Pan-European revolutions of 1830 manifested in different forms in different regions. In Netherlands and France they took a romantic hue, whereas in Poland and Switzerland the impact on the political establishment was less pronounced. In the United Kingdom of Netherlands and in France, the impact of the revolution was to establish constitutional monarchies (also called commonly as ‘popular monarchies’). This meant that the older aristocratic order was dismantled and republicanism was given a new thrust. For example, prior to the revolution, the king held dominion over his country through the mandate of God. His reference as the King of France testified this fact. But after the revolution, his title was changed to King of the French, indicating how his authority is derived from the collective will of the citizens. Likewise, in Belgium, King Leopold I took to the throne under the reconfigured political arrangement. At the same time in Congress Poland the revolt against the . . . Read MoreContinue Reading
Renaissance is a French term for rebirth. It was coined first in the 19th century to denote the revival of art and letters under the influence of ancient Roman and Greek models. This revival started in Italy in the 14th century, flourished in the 15th, and in the subsequent century reached apogee and then met with crisis. During these centuries, radical changes in art and science took place across Europe. In this sense, the term Renaissance has “also come to denote the era in general and its overriding spirit, in which desires intrinsic to human nature, generally repressed under medieval feudalism, burst forth with new fervor and resulted in a new culture.” (Osmond, 1998, p.18) For example, during the period, some basic changes in worldview took shape. It was a movement and an era of awakening that turned from the darkness and stagnation of the middle ages and laid the basis for Western civilization up to the present. The flowering of art during the Renaissance is what it is . . . Read MoreContinue Reading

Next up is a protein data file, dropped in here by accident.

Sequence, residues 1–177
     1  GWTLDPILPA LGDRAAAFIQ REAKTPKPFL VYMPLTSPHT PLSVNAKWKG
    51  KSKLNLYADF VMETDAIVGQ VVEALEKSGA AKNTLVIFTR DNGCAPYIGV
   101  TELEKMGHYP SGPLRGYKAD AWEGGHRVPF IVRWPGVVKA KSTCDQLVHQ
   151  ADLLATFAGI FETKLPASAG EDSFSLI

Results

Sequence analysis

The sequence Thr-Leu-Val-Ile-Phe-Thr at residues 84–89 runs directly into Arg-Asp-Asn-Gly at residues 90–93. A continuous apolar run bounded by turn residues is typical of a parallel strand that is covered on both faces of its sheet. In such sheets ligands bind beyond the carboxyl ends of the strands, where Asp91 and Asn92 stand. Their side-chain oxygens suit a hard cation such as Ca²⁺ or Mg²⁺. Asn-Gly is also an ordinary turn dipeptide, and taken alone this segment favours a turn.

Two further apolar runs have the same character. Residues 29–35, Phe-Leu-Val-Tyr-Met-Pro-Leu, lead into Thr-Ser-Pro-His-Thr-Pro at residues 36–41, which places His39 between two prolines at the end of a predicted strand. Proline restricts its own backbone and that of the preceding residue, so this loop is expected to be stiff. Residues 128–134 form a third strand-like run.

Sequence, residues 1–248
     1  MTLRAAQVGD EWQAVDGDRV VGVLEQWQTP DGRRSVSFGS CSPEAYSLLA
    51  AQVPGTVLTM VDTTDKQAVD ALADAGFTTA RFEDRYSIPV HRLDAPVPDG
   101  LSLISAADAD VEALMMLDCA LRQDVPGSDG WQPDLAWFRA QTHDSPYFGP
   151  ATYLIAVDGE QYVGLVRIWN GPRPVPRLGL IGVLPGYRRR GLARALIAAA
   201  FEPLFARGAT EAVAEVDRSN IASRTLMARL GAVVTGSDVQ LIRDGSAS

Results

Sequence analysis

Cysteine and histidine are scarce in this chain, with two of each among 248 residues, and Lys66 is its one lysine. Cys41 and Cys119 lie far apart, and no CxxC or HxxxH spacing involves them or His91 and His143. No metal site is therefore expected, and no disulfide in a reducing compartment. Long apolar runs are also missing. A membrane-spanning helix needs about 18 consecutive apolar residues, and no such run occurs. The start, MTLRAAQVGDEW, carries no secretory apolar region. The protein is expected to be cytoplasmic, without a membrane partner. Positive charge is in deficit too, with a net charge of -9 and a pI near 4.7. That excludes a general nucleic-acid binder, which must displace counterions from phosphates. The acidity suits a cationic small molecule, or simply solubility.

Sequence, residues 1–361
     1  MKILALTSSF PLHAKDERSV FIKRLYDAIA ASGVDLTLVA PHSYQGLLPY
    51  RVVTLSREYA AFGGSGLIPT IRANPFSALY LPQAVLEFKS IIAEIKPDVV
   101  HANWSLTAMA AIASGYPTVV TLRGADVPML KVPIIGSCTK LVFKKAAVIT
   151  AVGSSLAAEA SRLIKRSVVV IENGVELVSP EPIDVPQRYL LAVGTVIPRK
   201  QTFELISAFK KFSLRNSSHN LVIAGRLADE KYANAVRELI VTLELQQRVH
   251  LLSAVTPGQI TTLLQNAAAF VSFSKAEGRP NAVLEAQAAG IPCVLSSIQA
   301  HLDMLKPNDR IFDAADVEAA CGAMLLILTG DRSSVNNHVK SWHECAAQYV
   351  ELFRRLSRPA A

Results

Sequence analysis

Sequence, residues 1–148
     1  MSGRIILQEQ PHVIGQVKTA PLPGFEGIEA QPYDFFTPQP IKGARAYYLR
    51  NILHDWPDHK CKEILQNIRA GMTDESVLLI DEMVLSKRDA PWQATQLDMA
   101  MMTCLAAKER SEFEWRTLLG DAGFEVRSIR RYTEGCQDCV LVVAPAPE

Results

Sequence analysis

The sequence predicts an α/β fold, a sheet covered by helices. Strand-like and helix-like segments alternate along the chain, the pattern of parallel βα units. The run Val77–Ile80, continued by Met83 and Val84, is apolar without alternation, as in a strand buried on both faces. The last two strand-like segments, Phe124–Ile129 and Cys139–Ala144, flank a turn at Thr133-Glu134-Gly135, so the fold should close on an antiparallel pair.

Identify the major challenges (social, economic, military, religious, and intellectual) facing Europeans during the Late Middle Ages in Europe. Then explain why Europe did not sink into a “dark age” similar to that which followed the fall of Rome and why instead there was a Renaissance first in Italy and then in Europe north of the Alps.
The centuries between 1300 and 1500 AD have come to be collectively referred to as The Late Middle Ages with respect to European history. While some new innovations in Art and Architecture alongside discoveries in Science and Technology were taking place, there were a lot many uncertainties pertaining to the stability and political administration of various kingdoms across Europe. It won’t be an exaggeration to say that progress and prosperity came to a halt, if not a decline, during this period primarily due to rampant warfare, theological uncertainty and natural calamities.
The Great Famine of the early . . . Read MoreContinue Reading